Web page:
THEY came, they gaithered, they played, sang, danced and entertained and the eleventh Border Gaitherin to be held in Coldstream was a success once again, earning its place as a major event in the traditional music festival calendar.
Local youngsters got the weekend off to a great start during the Cool Concert in Coldstream Community Centre on Friday evening, along with Coldstream Community Theatre, Highline, and Carly Blain and Friends, and the tone was set for the rest of the weekend - a combination of great music and plenty of fun.
During the day the tutors held workshops for those who were keen to improve their playing, singing and dancing, and as the standard improves year after year it’s clear that what the musicians are learning at these workshops is paying dividends.
The lunchtime cabaret on Saturday afternoon was an impressive line-up of talent - Matt Seattle (piper) Elspeth Smellie (harp), Andrew Waite (traditional musician of the year finalist 2011), Robyn Kinsman Blake, Robin Jerdan, The Lynella School of Dancing, Christopher Keatinge, and Shona Mooney (traditional musician of the year winner).
Audience expectations were high and they were not disappointed.
Saturday night’s ceilidh was a great work-out for everyone, as well as being a sociable and enjoyable way to keep fit and enthusiasm was in abundance, as everyone let their hair down for the evening.
A new event introduced last year in the Gaitherin programme was the Open Stage competition and it proved so popular it looks like being another permanent addition to the Gaitherin.
The Open Stage gives musicians, singers and dancers of all ages and levels of experience the opportunity to perform in front of an audience, and a panel of three judges - the prize being a four hour recording session at the Ish’uze (Peebles Youth Group) recording studio.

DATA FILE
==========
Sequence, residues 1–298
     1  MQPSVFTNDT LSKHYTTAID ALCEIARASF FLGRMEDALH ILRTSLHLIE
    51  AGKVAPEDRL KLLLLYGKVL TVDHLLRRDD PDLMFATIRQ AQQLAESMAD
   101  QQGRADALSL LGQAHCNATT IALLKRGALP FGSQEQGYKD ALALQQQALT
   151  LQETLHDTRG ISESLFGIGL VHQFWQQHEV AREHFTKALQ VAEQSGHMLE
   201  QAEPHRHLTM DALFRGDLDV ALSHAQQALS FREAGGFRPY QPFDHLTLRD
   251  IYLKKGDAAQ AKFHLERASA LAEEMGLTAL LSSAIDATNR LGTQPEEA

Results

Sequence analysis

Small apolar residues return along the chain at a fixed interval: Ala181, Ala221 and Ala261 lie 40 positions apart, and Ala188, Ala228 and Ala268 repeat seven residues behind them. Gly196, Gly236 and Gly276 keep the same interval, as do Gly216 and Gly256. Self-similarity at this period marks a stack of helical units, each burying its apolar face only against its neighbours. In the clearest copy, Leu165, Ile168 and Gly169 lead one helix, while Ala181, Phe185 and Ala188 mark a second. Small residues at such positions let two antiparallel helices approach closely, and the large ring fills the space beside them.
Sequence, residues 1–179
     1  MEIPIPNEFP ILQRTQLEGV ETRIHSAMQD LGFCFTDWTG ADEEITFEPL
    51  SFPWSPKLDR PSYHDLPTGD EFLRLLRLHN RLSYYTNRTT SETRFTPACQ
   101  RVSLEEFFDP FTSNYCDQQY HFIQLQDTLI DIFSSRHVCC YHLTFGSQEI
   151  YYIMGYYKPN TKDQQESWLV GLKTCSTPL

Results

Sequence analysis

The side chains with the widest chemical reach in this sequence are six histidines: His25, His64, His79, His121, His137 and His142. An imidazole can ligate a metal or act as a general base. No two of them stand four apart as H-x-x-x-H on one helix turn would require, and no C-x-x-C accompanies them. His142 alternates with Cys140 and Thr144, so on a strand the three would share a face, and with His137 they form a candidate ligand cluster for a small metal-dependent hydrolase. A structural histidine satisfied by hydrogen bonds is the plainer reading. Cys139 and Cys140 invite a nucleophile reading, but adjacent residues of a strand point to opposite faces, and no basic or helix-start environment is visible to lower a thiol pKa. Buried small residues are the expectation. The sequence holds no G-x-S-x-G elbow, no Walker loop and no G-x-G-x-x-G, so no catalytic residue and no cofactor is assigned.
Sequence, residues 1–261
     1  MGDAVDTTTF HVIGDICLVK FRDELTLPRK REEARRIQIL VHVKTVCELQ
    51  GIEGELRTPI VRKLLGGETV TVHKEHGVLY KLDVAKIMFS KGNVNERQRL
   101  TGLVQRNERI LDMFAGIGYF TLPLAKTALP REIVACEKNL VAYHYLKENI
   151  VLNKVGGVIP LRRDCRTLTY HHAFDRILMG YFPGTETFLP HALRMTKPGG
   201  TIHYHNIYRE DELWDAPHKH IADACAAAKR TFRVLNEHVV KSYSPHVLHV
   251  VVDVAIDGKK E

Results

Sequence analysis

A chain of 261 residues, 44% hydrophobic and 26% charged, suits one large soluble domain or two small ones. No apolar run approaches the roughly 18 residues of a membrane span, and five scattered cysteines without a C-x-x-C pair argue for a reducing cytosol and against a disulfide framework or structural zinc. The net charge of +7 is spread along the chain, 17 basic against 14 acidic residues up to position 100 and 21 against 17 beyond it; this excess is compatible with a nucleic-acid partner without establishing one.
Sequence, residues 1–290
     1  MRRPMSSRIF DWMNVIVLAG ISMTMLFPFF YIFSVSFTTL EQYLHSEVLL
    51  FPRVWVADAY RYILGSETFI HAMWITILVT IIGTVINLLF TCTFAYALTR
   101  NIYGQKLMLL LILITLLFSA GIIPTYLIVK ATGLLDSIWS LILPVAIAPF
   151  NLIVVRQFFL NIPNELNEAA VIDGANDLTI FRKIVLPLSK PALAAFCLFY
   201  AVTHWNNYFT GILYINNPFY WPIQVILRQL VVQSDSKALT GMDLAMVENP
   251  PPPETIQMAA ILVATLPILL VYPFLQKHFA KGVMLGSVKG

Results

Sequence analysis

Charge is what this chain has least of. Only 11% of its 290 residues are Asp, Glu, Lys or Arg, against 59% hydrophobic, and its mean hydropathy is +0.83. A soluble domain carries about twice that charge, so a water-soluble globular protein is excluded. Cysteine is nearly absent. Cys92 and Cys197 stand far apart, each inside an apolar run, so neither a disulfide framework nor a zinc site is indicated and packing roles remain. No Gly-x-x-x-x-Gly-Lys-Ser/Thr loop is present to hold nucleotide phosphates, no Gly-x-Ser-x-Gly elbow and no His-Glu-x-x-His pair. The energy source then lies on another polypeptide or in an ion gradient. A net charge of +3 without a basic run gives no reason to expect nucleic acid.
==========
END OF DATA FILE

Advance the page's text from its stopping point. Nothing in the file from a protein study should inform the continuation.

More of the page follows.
Last year unearthed some promising young musicians, but this year those taking part took it up to a completely different level giving the judges (including myself) a very difficult task.
The musicianship of so many youngsters was quite breathtaking and while television programme’s such as ‘Britain’s Got Talent’ may get millions of views, it is audiences at events such as these that witness real talent in abundance - so bear that in mind for next year’s event, it’s worth popping along to Coldstream Community Centre to see.
The eventual winner was country singer Mary K Burke, accompanied by the very versatile Scott Turnbull who also accompanied a number of the other competition entries although he never took the main stage himself.
Mary sang a number of country classics and plucked up enough courage to sing one of her own self-penned compositions for the first time in front of an audience, and it was this originality, plus the tone and depth of her singing that put Mary at the top of a very impressive line-up of talent.
Runners-up were Jane Oxnard and Sophie Lynch - a couple of very gifted young ladies.
As well as singing and playing fiddle to a high standard, they obviously put a lot of thought into their short ten minute programme and gave their audience a great variety of tunes, both fast and slow, ending on the ever popular ‘Calendonia’.
Hot on their heels was young Maddie Cawthorne, accompanied by in-demand Scott Turnbull. She gave an enchanting performance, once again of fiddle and song, and is definitely one to watch in the future.
One of the judges was from Ish’uze and so impressed was she by the level of talent at the Open Stage that she also offered recording time for Maddie and Scott and Jane and Sophie when their mobile recording unit comes to Duns later in the summer.
As if all this wasn’t enough the weekend of traditional music came to a spectacular finale with all the tutors taking to the stage to give the audience a concert to remember.
From the early days of the Border Gaitherin the finale concert has always been seen as the culmination of everything the Gaitherin is about and people come from far and wide to hear the highest calibre of traditional musicians brought together on stage at Coldstream Community Centre.